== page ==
• Being made to feel like my body just doesn’t work; being taught to be afraid of my body; being taught to not trust my body’s wisdom ~ How does making a woman feel badly about her body and breaking down her trust in the physiologic process of birth help her and her baby?
  • OBs using scare tactics to win compliance ~ Moo??
  • OBs putting their own beliefs about risks (what’s worth it or not) over their patients’ prioritization and contextualization of risk ~ How does putting medico-legal risks above the health (mental, physical, emotion) of the mother-baby dyad help mothers and babies?
  • OBs turning a blind eye to the fact that women may suffer from birth immediately (in the 0-6 week post-partum range) and long term (I was still in acute pain after my last cesarean 1 year post partum); once the ‘healthy’ baby has been ‘managed’ out of the birth canal or uterine incision, it seems as though that’s where their responsibilities end, especially if he or she is not the patient’s regular doctor ~ How does making mothers in the post-partum period low priority patients help mothers and babies?
  • Exaggerating the benefits of intervention and minimizing the risks to the mother-baby dyad ~ How do increased interventions really help mothers and babies?  Are you sure about that??
  • Doctors who aggressively undermine the valid experiences of homebirth midwives and families who choose to birth their babies away from the ‘comfort and safety’ of the hospital campus ~ How ’bout cleaning up your own backyard before you start worrying about mowing someone else’s?  And again, I ask . . . how does tearing down a valid though very different care system serve babies and mothers?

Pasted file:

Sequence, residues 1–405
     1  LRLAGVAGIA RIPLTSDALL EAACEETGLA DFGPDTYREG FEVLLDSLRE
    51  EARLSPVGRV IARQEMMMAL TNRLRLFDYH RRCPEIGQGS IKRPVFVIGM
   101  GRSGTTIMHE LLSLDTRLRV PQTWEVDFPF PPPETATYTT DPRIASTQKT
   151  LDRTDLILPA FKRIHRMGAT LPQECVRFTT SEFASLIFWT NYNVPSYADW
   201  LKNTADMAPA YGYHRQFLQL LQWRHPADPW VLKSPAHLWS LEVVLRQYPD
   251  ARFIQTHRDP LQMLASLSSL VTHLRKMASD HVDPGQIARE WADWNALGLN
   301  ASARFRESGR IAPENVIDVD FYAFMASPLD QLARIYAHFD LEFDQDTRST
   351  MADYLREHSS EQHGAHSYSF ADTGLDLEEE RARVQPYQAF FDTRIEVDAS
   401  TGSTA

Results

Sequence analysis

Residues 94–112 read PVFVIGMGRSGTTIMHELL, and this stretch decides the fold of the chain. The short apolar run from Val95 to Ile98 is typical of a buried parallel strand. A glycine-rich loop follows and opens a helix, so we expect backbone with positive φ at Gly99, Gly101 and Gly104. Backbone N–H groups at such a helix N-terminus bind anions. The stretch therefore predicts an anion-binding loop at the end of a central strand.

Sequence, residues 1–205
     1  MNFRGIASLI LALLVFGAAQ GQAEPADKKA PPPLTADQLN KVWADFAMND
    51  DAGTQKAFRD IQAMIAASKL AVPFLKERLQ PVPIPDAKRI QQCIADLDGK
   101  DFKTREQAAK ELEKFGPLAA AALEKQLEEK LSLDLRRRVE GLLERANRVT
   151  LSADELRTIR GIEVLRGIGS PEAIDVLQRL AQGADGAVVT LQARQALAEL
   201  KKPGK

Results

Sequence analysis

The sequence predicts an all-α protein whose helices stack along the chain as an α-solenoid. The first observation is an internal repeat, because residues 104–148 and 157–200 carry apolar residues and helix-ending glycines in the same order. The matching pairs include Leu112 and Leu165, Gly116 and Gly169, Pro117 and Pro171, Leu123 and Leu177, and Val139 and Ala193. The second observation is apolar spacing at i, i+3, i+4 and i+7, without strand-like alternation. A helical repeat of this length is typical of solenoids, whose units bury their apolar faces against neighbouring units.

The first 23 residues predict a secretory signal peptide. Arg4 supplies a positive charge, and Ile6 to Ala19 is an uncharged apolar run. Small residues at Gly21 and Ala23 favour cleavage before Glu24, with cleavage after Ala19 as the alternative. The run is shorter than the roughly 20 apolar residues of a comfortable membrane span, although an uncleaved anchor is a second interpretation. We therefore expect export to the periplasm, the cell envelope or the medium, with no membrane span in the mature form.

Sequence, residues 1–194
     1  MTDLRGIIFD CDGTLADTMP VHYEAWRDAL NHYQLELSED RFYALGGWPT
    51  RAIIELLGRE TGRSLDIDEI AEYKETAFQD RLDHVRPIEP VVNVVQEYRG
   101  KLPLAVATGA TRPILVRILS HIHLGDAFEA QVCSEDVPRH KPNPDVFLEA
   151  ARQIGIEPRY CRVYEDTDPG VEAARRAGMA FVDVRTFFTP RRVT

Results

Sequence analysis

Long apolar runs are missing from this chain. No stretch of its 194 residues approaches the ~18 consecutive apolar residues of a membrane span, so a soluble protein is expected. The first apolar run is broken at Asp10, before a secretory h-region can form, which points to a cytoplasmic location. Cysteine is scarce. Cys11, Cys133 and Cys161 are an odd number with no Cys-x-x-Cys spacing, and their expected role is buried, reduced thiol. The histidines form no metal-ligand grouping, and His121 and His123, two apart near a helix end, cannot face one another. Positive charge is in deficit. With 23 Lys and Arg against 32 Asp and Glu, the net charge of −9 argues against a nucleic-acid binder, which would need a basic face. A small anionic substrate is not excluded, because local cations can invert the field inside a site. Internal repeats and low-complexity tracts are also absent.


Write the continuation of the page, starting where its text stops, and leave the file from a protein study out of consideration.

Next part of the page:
This.  This is how one very mainstream person becomes a birth activist.  It’s not about hating on specific people but exposing the inadequacies of operating solely in one mindset with regard to health.  The sooner the medical, public health, and alternative care perspectives can truly collaborate, the better health care in the US will be.  This will require a radical shift in thinking and practice, especially from those entrenched in the medical model.

Coda – why an opera singer and music educator should care about birth?  I am of the opinion that the entire body is the vocal instrument.  Impairment of any part of the body can negatively impact the singing voice.  Particularly the trauma done to the lower abdominal region during a cesarean section need to be avoided.  The abdominal complex is the primary source of support for the singing voice.  Interventions and distruptions to this part of the body can have long-lasting negative effects on the singing voice.

Additionally, music gives us the opportunity to engage seemingly unrelated fields.  My dissertation dealt with gender subversion in modern opera.  Really, how different is this than the institutional hegemony of maternal-fetal medicine.  The female body is still a battle ground.